We’re in the “time of the extremes.” This we have spoken about for a number of years now.
There is volcanic activity.
Most recently, news from the Big Island of Hawaii, where one of the largest active volcanoes on land (that we know of; the ocean floor is another issue) erupted recently.
There are quakes.
Most recently, one in the Caribbean. Also, southern California.
Days before, in the U.S., one shook northern California.
And just before that, a temblor where we don’t usually hear of such: Texas.
There are asteroids.
Every year, they find new ones — this year, one that is unusually close, in its projected orbit, to earth.
There’s the weather.
2022 had gotten off to an unusually busy start (before activity substantially slowed), with an outbreak (at least thirteen) last New Year’s Day. In Louisiana, a tornado recently tore into the turf, causing casualties.
As for cyclones, two of great intensity made landfall in Florida during 2022, including Ian, which all but wiped out the state’s southwestern beach communities. It was the most intense storm in the state since Hurricane Andrew (though not as devastating as what would happen if one of similar intensity and size hit Miami).
Extremes? 2022 was one of the warmest years on record (pumping much moisture into the atmosphere), but thermometers plunged into an epic cold snap last week — record cold, from one extreme to another — that encompassed at least half of the United States. (Count them: 176 million Americans were under a chill advisory.)
Arctic air dropped wind chills as low as negative 50 to negative 70 degrees in the northern Plains, and 30 below zero in the Midwest, according to FOX Weather. For context, it was a relatively balmy -7.1 degrees in the Jezero Crater on Mars (where a NASA rover is monitoring the weather).
Atlanta and Tallahassee were forecast to have their coldest high temperature ever recorded on Dec. 24. Philadelphia and Pittsburgh also saw their coldest Christmas Eve ever. Washington, D.C., had to brace for its second-coldest (first place was in 1989) while New York experienced its coldest Christmas Eve in more than a century.
Signs of the times. Extremes also in society and our lives.
The storm — the “bomb-cyclone” — was part of a system that the Associated Press described as “nearly unprecedented and stretching from the Great Lakes near Canada to the Rio Grande along the border with Mexico. About sixty percent of the U.S. population faced some sort of winter weather advisory or warning, and temperatures plummeted drastically below normal from east of the Rocky Mountains to the Appalachians.”
We all are hearing about Western New York (Buffalo), where a howling, paralyzing blizzard — part of the same system — caused power failures, cutting off heat.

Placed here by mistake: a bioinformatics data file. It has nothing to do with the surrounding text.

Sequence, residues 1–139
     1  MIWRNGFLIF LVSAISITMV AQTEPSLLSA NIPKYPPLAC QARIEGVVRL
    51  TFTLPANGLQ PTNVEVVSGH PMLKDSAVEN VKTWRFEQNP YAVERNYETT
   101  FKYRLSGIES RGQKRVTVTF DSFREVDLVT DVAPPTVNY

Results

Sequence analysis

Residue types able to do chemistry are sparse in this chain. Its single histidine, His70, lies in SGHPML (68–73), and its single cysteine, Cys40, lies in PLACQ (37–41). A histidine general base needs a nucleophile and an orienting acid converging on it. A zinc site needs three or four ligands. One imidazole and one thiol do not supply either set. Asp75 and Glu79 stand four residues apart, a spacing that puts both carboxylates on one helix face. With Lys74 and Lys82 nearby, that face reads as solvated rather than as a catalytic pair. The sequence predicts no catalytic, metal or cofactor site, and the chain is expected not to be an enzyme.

At one point, every fire truck in the city was stranded.
Rescuers were rescuing rescuers.
Bodies were being found in snow banks, or collapsed on driveways, or frozen in cars. Folks had to shovel snow from their living rooms. Stores shut down — for days. In some cases, once folks could drive (there was a travel ban), they couldn’t find food. Supermarkets and the airport were closed for days. It was, and is, a serious situation, in need of prayer: The latest death tally is 31 dead.
We’re talking about hurricane-force gusts on top of frigid readings, causing wind chills to drop to fifty below.
That’s more than six feet (eighty divided by twelve, as a curiosity, is more precisely 6.6666 feet). In this last Christmas storm are areas that got more than a hundred inches (more than eight feet). All that moisture in the atmosphere had to go somewhere.
We always have blizzards — but storms are now rapid-fire and everywhere more extensive.
All this as war rages in Ukraine and a second war could erupt between Kosovo and Serbia. (The Pope has already said we are in “World War Three.”)
And so we get the picture.
Or do we?
More to the point: are we approaching or even entering a new stage, the “extreme of the extremes”?
[Footnote: As a cub reporter in Niagara Falls, I helped cover the Blizzard of 1977. This storm also dumped a hundred inches of snow and had wind chills from fifty to sixty degrees below zero, with drifts in the outlying towns covering entire sides of two-story homes. There were hurricane-force winds then also; at the height of the storm, I tried to walk from our house to my grandparents, which was five homes away, and though wrapped in a thick sweater, heavy coat, scarf, head covered with hood, face wrapped in a scarf, feet in boots, could only make it fifty feet up the sidewalk before having to turn back. The snowscape looked like another planet.
That time, it wasn’t so much moisture in the air but snow that had piled on Lake Erie (which had frozen early) and was swept by those howling winds into shore communities. When it calmed down a bit I was assigned by the city editor to drive out to a small city called Lockport and find the highest drift.
This I did — perhaps the most dangerous journey of my life, in a car with back-wheel drive on the only road they were keeping open, making my way through what resembled the Lincoln Tunnel, with drifts and plowed snow piled the entire way on the shoulders, the only vehicles were my car and a couple snow plows.
That’s about all I saw for twenty very lonely miles, as huge hunks of snow fell from the drifts in front of my car. Only emergency vehicles and media were allowed to drive. When I got there, a sheriff’s deputy took me to the highest drift he’d seen, and when we got to the top, I stepped over the top of a telephone pole.]
[resources: Michael Brown’s books see especially Sent To Earth]